Like a notch, your brain will ignore it in time and if you’re playing a game or watching a video, you’ll notice your vision drawn to the action on-screen, rather than the crease running through the middle of it, which makes it almost disappear completely.

Harder to ignore is the uneven refresh rate. Scroll through a text-filled webpage and if look carefully you’ll notice the words shift unevenly across the 7.3-inch display. Samsung makes the best phone displays, so this is a compromise we didn’t expect. Its bezel-heavy 4.6-inch Cover Display also shouts “first-gen product”. Yes, the foldable future is great, but it has some obvious pain points you should know about.

Samsung Galaxy Fold
(Image credit: Future)


  • App Continuity allows you to easily transition between screens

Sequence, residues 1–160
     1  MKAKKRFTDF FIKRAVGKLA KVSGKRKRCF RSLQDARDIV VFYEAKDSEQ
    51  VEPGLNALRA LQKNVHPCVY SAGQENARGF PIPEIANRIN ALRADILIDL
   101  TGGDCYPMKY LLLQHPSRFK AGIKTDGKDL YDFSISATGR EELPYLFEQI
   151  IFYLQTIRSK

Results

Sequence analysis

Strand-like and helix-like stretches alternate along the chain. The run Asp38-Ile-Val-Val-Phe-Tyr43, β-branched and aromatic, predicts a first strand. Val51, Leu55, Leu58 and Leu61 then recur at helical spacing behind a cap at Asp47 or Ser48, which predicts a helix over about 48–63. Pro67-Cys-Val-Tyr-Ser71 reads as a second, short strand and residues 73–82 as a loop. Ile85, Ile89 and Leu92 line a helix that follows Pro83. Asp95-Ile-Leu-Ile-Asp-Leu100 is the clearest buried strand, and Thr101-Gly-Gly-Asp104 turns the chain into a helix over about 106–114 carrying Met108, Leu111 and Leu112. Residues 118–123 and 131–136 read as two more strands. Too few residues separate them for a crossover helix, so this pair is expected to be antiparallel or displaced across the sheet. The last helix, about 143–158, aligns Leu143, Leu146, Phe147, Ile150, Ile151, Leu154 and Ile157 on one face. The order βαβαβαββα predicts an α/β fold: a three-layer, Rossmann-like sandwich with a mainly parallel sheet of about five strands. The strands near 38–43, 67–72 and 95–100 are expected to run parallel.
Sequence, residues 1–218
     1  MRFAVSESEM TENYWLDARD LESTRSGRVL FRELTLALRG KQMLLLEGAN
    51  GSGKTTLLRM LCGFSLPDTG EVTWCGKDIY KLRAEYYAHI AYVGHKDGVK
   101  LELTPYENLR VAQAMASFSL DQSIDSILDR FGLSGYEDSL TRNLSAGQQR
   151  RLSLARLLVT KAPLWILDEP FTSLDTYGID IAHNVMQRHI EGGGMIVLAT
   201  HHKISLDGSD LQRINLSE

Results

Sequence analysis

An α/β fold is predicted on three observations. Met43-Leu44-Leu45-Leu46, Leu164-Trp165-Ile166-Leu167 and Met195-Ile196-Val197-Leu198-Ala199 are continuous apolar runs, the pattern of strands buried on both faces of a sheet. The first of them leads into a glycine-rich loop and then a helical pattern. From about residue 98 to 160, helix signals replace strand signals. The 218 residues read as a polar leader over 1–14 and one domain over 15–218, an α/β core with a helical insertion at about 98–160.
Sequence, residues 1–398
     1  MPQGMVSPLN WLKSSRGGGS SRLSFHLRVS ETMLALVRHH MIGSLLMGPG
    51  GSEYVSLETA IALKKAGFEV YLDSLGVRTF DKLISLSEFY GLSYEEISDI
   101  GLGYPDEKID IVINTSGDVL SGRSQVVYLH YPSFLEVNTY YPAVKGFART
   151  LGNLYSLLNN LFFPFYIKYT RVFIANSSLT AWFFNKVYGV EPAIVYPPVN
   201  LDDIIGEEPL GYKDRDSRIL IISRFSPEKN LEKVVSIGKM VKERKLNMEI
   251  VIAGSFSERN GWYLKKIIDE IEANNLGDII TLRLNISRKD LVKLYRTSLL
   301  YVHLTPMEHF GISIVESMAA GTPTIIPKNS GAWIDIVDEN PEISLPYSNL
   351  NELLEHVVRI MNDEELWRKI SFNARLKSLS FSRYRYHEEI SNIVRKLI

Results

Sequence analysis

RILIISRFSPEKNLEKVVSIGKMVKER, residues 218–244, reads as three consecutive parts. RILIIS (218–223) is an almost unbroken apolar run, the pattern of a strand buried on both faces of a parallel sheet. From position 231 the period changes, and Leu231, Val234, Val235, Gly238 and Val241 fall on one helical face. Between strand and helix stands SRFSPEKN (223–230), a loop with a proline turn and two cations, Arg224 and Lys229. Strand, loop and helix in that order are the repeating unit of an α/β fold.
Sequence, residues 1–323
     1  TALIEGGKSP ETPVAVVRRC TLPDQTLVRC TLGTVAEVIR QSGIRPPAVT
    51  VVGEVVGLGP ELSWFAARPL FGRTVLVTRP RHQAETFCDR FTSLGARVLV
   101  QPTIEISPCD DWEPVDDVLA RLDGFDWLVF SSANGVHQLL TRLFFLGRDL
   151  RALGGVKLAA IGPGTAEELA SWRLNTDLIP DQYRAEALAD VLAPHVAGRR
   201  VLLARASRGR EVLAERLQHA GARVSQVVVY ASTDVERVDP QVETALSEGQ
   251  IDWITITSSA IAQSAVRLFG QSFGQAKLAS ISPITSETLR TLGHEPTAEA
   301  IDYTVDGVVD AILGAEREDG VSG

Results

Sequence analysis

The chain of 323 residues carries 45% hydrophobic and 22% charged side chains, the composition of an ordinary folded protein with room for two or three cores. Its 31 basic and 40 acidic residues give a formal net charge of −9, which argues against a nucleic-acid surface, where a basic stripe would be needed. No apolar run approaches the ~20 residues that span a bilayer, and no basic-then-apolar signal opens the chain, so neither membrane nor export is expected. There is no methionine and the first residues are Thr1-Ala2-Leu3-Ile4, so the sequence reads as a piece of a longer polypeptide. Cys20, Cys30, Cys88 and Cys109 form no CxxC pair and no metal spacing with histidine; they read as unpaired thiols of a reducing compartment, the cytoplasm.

• Multi-Active Window allows you to have 3 apps open at once 

Samsung’s fold hardware is only half of the story. Its software was made reactive to the transition from the small phone screen to the larger tablet screen, and it does that fairly well with a feature called App Continuity.

Apps Continuity allowed us to browse Chrome, Yelp reviews, and Google Maps while walking with the phone folded, and then seamlessly open up to those same apps on the larger screen when we came to a standstill (usually lost in the wilds of Central Park and needing finer directions in Google Maps). 

The reverse – keeping apps open when you fold the phone – is also possible, but we had to tick off each app in a display settings submenu. Apps we enabled to go from big screen to small screen included Messages, Slack, Chrome and Google Maps – things we’d want to keep using upon exiting a subway in folded mode. Otherwise, Cover Display ends things and shows the always-on screen (time, date, battery life).

Samsung’s says “the possibilities are endless with Multi-Active Window”. That’s true if “endless” is defined by up to three active apps open at once. It’s cramped for sure, but we had a Google Sheet open in the biggest window, a Hangouts call going in a smaller box, and Slack in the tiniest windows to at least see the latest message from our TechRadar team.